There is always a risk of trusting either too much or too little in the product when working with cutting edge technology. While it is never a good idea for people to constantly second-guess their tools, it is important that they use them with critical detachment. Using an EHR system and simply following its instructions are not the same thing. If a practice has, for example, integrated its EHR system with a medication disbursement system, it is important that nurses and physicians double check the instructions. No system is perfect, and errors or hiccups  will need to be flagged occasionally. With a watchful eye, an electronic health record system can greatly increase the quality of patient care. It just requires that those interacting with the technology are able to use it skillfully.

Train to trust
Alarm fatigue is by far one of the worst problems affecting most health care technology. If 90 percent of a unit's alerts are medically insignificant, it poses a great risk that one day a significant alert will be ignored. In order to combat this, quality training is a must. Having at least one or two people on a team that understand the system inside and out will make it easier for everyone to make full use of it. Just one person who can change the rate at which alarms are triggered, or enable better notifications for specific patients, will support other staff in making full use of the software. These "super users" can either be those who are naturally technically inclined or those that simply want to know the system well. 

The other side of working with alarm fatigue is enabling better alarms within an EHR system. Letting physicians control the types of alarms they receive so that they only get those that are pertinent to the patient they are working with can reduce alarm fatigue drastically. Of course, going too far in the opposite direction can have negative consequences as well. If physicians place too much faith in their EHR systems, they may count on the software to catch mistakes for them. That isn't the role of any bookkeeping equipment – clinical staff needs to be able to make their own decisions and independently verify recommendations from medical software. Make sure that all medical personnel understand that they are still required to make the final call in order to prevent errors in diagnosis or treatment.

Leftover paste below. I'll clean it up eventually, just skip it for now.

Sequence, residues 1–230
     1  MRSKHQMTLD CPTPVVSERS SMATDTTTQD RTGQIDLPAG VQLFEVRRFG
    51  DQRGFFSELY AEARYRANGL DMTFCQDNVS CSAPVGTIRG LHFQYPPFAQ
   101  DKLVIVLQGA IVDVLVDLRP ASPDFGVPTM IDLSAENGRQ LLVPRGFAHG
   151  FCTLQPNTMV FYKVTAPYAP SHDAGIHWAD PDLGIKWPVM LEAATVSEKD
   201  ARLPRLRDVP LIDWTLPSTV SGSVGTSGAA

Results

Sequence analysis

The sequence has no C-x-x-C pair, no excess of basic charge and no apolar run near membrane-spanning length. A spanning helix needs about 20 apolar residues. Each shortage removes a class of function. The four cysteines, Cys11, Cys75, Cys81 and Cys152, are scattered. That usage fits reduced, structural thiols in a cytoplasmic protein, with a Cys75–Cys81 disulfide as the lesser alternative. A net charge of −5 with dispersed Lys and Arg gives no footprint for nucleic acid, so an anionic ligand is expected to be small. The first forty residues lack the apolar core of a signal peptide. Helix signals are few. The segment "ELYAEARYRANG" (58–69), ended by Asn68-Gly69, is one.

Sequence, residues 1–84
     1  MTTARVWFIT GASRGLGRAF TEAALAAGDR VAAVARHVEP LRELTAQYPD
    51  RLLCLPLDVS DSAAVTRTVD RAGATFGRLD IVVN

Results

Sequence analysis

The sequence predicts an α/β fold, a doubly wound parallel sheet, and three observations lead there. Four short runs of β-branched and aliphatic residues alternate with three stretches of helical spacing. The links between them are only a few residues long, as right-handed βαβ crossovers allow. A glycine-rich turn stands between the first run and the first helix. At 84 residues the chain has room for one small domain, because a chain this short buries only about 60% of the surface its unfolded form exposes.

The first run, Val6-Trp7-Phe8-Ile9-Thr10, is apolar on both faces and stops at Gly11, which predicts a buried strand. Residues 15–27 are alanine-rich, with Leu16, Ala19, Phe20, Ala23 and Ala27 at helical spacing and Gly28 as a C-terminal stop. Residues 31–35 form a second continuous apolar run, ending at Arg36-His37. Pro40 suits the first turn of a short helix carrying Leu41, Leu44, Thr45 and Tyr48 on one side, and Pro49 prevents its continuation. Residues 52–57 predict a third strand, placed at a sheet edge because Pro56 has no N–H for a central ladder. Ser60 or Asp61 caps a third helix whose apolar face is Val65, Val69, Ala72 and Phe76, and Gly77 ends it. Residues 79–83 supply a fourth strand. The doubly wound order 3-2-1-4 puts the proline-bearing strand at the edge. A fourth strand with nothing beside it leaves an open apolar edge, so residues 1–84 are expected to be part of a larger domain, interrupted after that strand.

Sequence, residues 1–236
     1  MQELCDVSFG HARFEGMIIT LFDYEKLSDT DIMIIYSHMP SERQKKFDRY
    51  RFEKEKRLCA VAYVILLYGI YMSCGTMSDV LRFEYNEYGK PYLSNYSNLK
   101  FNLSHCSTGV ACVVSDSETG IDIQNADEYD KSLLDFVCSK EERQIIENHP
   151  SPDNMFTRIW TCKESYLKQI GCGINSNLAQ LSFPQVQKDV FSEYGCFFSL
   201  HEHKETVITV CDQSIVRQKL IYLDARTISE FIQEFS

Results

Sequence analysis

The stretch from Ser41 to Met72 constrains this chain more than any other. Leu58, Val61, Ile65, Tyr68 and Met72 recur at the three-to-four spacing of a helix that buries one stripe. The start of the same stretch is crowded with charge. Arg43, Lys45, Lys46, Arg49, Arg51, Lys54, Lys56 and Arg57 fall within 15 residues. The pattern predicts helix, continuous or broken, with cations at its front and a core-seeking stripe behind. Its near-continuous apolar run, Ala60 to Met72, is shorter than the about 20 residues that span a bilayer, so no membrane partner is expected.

Get people powered
While many doctors enjoy the power that EHRs give them to record and review large amounts of data, some also feel that they slow productivity. Hiring a medical scribe to work with a practice may be just what physicians need to keep moving at a speedy clip. Most doctors are used t manually filling out forms and information could feel like an unusually slow, desperately inefficient process compared to what doctors are used to. Even designating an aide to work with electronic systems while a doctor is interacting with a patient can take a lot of the complaint that physicians can have about the depersonalizing aspect of EHRs out of the picture.

Using an EHR well can provide a practice with faster service and better care all around. It is exceedingly important that these systems are attended to with the right amount of care. Blindly following instructions or ignoring alarms out of hand can result in disastrous consequences. By making the effort to learn how the system works, it will be possible for physicians and non-clinical staff to master the system fairly easily.